Commercial refrigeration is a big business, and well-maintained refrigerators protect thousands of dollars worth of food or medical products. Mike Capuccio, owner of N.E.T.R., Inc., talks about the ins and outs of commercial refrigeration. Listen or read more to find out about commercial refrigeration.
John Maher: Hi, I’m John Maher. I’m here today with Mike Cappuccio, owner of N.E.T.R., Inc., a residential and commercial HVAC and refrigeration contractor in Massachusetts. Welcome, Mike.
Mike Cappuccio: Good morning John. How are you?
John: Good, thanks. Mike, today we’re talking about commercial refrigeration. How did N.E.T.R. get started with commercial refrigeration?
Mike: That’s a very interesting question John. It goes back about 30 years ago today. What really happened was N.E.T.R. — a lot of people ask me what N.E.T.R. stands for. Well back 30 years ago when I first started this business, I was in the transportation refrigeration business, so it actually stood for New England Transport Refrigeration.
John: Oh, like refrigerated —
Mike: Refrigerated trailers —
John: — Trucks and trailers.
Mike: Trailers, trucks, and stuff like that.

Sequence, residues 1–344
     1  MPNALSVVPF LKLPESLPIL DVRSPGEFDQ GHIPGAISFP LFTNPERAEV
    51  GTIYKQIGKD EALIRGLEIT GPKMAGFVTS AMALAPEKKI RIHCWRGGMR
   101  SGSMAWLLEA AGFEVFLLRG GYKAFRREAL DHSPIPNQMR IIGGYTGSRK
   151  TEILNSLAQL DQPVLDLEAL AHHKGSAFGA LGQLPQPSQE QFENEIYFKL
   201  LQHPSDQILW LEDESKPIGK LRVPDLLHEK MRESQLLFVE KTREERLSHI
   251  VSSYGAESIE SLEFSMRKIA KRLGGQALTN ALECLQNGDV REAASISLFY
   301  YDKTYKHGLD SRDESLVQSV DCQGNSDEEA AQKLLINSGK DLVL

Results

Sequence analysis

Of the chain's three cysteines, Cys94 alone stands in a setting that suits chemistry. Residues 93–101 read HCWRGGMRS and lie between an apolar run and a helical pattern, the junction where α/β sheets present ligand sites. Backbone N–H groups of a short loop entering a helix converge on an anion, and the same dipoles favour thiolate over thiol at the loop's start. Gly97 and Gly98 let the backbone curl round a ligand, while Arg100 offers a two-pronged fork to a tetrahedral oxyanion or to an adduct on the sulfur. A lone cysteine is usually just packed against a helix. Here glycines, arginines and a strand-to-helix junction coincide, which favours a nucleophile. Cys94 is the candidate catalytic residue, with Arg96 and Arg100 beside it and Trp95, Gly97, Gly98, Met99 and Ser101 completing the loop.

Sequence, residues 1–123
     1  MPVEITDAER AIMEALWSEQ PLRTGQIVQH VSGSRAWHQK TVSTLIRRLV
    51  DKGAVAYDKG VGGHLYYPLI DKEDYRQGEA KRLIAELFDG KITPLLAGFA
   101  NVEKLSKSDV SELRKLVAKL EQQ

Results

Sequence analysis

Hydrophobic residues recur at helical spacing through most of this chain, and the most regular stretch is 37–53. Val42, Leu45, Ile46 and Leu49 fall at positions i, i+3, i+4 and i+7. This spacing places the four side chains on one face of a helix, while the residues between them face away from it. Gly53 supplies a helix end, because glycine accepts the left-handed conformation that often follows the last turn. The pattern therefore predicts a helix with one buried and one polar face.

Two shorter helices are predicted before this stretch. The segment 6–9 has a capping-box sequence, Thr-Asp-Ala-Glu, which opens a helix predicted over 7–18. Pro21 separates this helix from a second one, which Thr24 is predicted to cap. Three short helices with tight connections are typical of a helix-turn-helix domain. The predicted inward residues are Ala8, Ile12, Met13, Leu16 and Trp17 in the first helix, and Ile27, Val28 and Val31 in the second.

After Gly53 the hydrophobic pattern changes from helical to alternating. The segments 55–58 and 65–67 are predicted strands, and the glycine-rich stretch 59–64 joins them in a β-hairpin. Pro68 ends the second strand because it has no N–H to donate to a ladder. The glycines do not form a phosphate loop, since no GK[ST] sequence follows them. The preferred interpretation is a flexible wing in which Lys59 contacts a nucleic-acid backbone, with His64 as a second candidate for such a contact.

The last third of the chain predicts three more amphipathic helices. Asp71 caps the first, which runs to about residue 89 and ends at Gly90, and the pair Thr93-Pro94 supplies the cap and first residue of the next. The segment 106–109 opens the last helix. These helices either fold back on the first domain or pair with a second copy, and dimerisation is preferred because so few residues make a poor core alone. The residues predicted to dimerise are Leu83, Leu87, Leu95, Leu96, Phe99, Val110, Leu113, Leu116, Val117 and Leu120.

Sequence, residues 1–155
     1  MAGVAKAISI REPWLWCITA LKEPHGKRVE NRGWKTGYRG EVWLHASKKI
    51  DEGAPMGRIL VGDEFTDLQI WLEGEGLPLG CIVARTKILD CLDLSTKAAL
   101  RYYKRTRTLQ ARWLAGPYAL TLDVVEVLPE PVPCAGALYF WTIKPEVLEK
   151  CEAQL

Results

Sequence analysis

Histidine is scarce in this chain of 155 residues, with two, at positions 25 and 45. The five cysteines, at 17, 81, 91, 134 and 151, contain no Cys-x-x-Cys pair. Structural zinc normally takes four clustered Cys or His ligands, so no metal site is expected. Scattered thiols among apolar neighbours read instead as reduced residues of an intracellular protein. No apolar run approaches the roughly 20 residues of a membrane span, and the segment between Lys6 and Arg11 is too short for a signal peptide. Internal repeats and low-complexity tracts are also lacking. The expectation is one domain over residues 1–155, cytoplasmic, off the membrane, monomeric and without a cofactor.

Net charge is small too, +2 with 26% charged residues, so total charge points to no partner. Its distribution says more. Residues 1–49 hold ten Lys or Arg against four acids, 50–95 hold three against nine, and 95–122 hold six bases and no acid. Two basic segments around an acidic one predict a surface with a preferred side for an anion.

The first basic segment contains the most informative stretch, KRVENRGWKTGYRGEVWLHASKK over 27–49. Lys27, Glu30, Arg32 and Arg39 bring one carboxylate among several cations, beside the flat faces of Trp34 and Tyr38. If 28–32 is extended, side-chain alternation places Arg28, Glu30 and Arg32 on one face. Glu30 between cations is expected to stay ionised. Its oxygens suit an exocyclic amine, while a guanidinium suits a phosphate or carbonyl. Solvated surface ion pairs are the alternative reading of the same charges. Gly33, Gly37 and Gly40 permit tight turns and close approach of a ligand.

Mike: That’s how I started this business. That’s what I did 30 years ago. I did that for probably the first 10 years of being in business. What transpired out of this was I had went back to school at that point in time and started to learn more about commercial refrigeration and how it worked and the inner meanings of what actually happened with that type of system and learned how to repair those systems. Because I was looking at my business at the time and everybody that I did truck refrigeration work for all had refrigeration in their buildings because they were taking refrigerated food and whatever it was out of the building and putting it into their trucks . . .
Mike: . . . time. They had all asked me, “Do you work on coolers? Do you work on freezers?” I really didn’t at the time, but I knew they would be a good fit for me to expand my business with that. That being said, we don’t do truck refrigeration anymore, but everybody knew me as New England Transport Refrigeration or N.E.T.R. I said, “You know what? I really can’t change my name. I wish I could.” But I’m so far into it now to change all the marketing material and do everything, we’ve just rebranded our name now to and N.E.T.R. Heating and Cooling Systems. That’s how we got into the commercial refrigeration business, and we haven’t looked back for the last 20 years now on doing that so . . .
John: That’s interesting.
Industries That Rely on Commercial Refrigeration
John: Yeah. What are some of the typical places that use commercial refrigeration systems?
Mike: Well I mean, I have seen a lot of different uses over the past 30 years and we’re very strong in the wholesale food industry, the produce industries, people that sell produce, produce companies, food supermarkets that have walk-in type coolers or warehouse type facilities. We do a lot of warehouse refrigeration more commercially. Now in the last 10 years, what we’ve got involved a lot into now is the pharmaceutical and medical buildings and places like that, that have very, very tight temperature control for the products that they store.